Chad and Erin

We Don’t Have to “Have” Them to Love Them  

Both as individuals and as a couple, Chad and I have a deep respect for how families come to be, for how different each is, and for the decision a couple makes about whether their family will include children or not. Before we got married, as we had conversations about having a family, we realized that both of us were incredibly open and comfortable with adoption if, for some reason, we weren’t able to have our own children in the “traditional” sense. “We don't have to “have” them to love them,” was sort of the attitude we both had.

A few years after we were married, we experienced two miscarriages, the latest in late 2012. Though it took us a few years to decide we were ready to start the process, we just knew adoption was our next step on the path we were set to take.

The Adoption Journey Begins

We started the “paperwork” part of the process in May 2015. We weren’t in a huge hurry, so our goal was to complete everything by the end of the calendar year. Once we moved into the “matching” part of the process (January 2016), we were informed within a week or so about three potential birth moms. We couldn’t believe how quickly things started to fall into place, but we realize now that the more open you are to the race, gender, and exposures, the more opportunities there are to find the right fit for your family. We decided we wanted to be considered for all three, and much to our surprise, we were chosen and matched with a birth mom by February 11th with a due date of May 22nd!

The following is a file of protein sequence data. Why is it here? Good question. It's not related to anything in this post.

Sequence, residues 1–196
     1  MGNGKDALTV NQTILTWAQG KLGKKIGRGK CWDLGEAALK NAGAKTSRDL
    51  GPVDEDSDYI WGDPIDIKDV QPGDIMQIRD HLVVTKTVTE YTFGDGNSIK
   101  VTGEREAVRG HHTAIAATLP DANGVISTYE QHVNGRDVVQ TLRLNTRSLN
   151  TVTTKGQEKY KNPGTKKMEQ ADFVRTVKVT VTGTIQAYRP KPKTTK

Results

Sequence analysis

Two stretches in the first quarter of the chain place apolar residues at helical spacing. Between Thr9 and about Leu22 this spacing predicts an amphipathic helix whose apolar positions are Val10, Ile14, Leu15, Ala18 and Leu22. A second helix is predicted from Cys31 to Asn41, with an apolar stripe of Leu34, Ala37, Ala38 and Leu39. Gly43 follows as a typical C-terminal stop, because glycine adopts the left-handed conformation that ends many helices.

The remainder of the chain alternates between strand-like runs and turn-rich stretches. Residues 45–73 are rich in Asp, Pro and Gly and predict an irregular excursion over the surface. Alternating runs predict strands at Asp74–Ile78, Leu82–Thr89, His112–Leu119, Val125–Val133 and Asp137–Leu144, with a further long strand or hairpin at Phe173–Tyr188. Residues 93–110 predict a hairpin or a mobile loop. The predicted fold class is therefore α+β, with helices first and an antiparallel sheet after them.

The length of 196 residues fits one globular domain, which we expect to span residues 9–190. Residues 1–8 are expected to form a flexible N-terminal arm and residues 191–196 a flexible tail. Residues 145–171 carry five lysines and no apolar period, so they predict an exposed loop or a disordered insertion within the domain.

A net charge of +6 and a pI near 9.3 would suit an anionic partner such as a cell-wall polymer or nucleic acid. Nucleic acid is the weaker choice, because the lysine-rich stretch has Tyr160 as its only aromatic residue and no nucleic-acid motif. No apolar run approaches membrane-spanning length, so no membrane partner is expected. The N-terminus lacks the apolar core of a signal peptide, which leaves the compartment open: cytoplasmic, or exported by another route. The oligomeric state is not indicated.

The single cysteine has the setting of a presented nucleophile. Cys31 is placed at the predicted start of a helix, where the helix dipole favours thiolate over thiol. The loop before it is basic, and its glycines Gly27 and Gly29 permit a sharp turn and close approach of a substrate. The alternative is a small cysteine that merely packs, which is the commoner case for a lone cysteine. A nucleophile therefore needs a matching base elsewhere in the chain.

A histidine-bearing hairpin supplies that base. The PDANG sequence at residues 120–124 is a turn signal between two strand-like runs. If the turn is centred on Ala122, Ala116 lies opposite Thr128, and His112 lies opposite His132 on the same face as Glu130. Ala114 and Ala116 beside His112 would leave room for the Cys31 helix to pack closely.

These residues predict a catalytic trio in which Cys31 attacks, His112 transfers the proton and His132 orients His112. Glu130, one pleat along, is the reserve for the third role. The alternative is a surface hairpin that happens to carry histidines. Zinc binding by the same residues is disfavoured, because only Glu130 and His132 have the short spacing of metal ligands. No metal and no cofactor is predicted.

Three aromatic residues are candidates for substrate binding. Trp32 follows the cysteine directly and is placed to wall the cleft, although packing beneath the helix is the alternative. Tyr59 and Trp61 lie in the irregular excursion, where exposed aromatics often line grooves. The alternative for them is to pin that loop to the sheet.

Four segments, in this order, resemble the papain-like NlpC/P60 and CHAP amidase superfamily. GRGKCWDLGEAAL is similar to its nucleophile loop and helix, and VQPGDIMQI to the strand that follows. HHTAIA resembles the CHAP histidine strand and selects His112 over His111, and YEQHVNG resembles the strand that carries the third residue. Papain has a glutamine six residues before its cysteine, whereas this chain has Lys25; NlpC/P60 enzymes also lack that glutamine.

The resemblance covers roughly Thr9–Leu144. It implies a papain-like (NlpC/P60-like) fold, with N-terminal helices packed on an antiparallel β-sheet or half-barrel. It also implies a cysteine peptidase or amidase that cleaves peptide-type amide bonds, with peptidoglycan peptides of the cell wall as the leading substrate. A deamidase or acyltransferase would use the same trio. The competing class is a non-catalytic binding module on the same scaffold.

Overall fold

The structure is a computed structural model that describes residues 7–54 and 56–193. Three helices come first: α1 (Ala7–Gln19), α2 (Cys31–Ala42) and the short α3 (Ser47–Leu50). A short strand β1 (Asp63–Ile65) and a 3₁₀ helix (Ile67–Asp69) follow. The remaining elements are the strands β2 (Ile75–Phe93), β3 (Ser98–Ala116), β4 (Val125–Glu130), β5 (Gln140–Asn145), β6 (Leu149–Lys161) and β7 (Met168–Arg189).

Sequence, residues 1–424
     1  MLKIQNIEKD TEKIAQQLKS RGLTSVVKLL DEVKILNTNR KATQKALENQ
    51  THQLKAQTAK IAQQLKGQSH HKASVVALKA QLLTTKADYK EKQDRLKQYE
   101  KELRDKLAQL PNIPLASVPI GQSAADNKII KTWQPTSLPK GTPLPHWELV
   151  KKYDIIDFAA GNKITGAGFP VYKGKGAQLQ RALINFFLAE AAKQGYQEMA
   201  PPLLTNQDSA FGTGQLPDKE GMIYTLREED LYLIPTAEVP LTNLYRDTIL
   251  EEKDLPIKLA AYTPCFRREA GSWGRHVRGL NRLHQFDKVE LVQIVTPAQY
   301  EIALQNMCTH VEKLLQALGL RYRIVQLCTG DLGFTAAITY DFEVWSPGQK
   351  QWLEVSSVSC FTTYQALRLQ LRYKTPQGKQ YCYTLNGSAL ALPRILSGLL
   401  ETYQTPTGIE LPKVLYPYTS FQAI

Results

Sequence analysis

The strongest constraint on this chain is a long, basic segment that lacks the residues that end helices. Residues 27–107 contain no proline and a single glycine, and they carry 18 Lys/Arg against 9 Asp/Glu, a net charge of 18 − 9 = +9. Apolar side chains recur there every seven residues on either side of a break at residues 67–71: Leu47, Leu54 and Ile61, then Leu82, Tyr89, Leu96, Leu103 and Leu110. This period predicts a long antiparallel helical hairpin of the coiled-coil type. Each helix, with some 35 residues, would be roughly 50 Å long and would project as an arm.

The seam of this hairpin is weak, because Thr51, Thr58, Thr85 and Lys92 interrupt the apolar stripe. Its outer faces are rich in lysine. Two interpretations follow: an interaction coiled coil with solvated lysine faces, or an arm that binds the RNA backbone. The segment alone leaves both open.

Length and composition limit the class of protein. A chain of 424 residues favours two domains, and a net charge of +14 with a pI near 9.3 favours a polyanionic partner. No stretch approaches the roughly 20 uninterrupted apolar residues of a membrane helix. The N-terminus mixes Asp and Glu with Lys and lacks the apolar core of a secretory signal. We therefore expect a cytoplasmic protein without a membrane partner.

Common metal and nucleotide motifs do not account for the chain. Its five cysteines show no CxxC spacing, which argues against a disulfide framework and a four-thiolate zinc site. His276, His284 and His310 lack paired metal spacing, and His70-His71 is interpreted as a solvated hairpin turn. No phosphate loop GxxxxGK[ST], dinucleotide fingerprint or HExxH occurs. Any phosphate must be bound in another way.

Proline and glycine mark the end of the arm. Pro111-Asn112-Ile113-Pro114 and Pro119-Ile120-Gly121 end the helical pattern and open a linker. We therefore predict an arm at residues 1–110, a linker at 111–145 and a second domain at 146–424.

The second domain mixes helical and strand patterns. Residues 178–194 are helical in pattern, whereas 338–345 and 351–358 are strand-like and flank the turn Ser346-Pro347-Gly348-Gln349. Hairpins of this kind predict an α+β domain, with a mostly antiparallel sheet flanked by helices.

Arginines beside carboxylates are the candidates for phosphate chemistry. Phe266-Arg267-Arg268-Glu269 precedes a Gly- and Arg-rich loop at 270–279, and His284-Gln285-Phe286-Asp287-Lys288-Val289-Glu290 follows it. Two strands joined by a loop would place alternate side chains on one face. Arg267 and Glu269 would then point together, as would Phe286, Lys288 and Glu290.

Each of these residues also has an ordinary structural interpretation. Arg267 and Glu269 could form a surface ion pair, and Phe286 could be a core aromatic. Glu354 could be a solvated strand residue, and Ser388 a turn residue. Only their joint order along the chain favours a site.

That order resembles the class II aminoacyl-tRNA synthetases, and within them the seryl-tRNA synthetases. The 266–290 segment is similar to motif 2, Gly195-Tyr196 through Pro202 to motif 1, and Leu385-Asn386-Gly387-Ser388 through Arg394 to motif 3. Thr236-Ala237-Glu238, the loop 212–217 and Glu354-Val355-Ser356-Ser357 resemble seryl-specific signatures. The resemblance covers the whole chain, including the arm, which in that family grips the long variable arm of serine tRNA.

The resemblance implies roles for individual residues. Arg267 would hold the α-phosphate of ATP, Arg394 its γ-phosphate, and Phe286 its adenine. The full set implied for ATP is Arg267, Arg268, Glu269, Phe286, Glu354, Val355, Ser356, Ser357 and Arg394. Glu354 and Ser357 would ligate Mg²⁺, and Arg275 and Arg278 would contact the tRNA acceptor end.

Our Hearts Break

We prepared for (as much as we knew how as first-time parents!) and anxiously anticipated that due date arriving as the weeks and months went by, but our path took an unexpected and tremendously painful turn on May 7th, the day before Mother’s Day and our 6th wedding anniversary. Coleen called and, through her tears and ours, told us that our soon-to-be baby girl was being delivered stillborn that morning after an otherwise healthy, basically full-term pregnancy. We were devastated in ways we can’t express and could not fathom any good reason for such an unreasonable thing to happen.

A little over a week later, Coleen was in town and asked to visit us at our home to talk in person and see how we were doing. After a thoughtful conversation (and more crying), she very hesitantly asked if we wanted to hear about a new birth mom that had been working with the agency. It’s very unlikely we would have felt emotionally ready to jump back in so quickly, but my dad was very sick with terminal cancer, and we knew the sooner we said “yes” to put ourselves back out there, the better the chances were that my dad would meet his grandson/daughter. After all, it wasn’t as if putting ourselves out there meant we would get chosen anyway.